Information About Supervision for Registrars:
This is to help new registrars who may not be sure what is meant by supervision during psychiatric training, or how to get the most out of it. The RANZCP requires you to have 1 hour of individual supervision from your main consultant supervisor each week, and 3 hours of general clinical supervision (or 1.5 hrs of general clinical supervision weekly if you work half-time). This is the College's information Link about Supervision.
During first year you'll need to get basic skills like history-taking, mental state assessment, case-presentation and understanding of phenomenology sorted out, and you're required to have more individual supervision in 1st year (2 hours per week) compared to later years of training. Only one of those 2 hours is expected to be 1:1 training-focussed supervision though - the other hour will probably be clinical supervision or used for completion of a Workplace-Based Assessment. Every three months, individual supervision should be used for a more in-depth feedback session, with a feedback form (the mid-run ITA) being completed. There's a detailed feedback report (the end-of-run ITA) at the end of the 6 months attachment which is sent to the Training Centre (then the College) and which accredits the run. Again, this should be a record of the feedback discussion with you, and you should keep a photocopy of the form before sending it to the Training Centre.
Aim to schedule your 1:1 supervision in the first half of the week so that if for some unavoidable reason the session has to be postponed, you can fit it in later in the week. Supervision is very important and it's vital to be punctual and not to miss sessions or chop and change with the times - there needs to be a commitment from you and your supervisor that it's a priority - more important than general clinical work in fact, for a registrar in training. Put a "do not disturb" sign on the door and try to prevent interruptions from cellphones or pagers - ideally, get the team receptionist to screen your calls across the hour or at the very least turn phones to 'silent'. Supervision isn't a social event or a 'break' - so while it's fine to bring in a cup of tea or coffee, it's not appropriate to do 1:1 supervision over lunch, in a car while driving, or in a social setting like a café.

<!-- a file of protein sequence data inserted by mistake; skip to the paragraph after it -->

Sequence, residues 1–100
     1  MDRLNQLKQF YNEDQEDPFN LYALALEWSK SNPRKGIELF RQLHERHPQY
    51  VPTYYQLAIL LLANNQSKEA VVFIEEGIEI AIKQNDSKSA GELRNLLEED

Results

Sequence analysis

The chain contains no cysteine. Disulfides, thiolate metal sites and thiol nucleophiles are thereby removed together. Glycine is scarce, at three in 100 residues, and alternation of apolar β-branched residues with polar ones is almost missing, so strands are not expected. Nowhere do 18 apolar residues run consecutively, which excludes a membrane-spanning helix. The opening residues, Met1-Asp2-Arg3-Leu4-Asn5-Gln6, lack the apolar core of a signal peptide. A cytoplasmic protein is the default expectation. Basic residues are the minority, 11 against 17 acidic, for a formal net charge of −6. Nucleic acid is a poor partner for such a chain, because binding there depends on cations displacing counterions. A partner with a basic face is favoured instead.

Clinical Supervision This can take a number of forms as well. Discussion of your patients - of assessments and aspects of management - is a common focus, but it mustn't all be in team Review Meetings, especially in modern multidisciplinary teams where the focus is not on your training needs. Time spent doing a Mini-CEX or observing your consultant interviewing and practising this in front of them, with feedback and discussion afterwards, is all useful clinical supervision, as is time spent working alongside your supervisor and then discussing patients and family meetings. Clinical supervision may occur in longer stretches of an hour or so, or as briefer discussions in person or by phone - it's all clinical supervision. Clinical supervision can also happen in a small group or team setting - most DHBs offer group supervision for all their registrars, each week. In teams where the registrar and consultant work quite autonomously, it often needs to be specifically timetabled for at least 1 hour weekly, to make sure that it happens.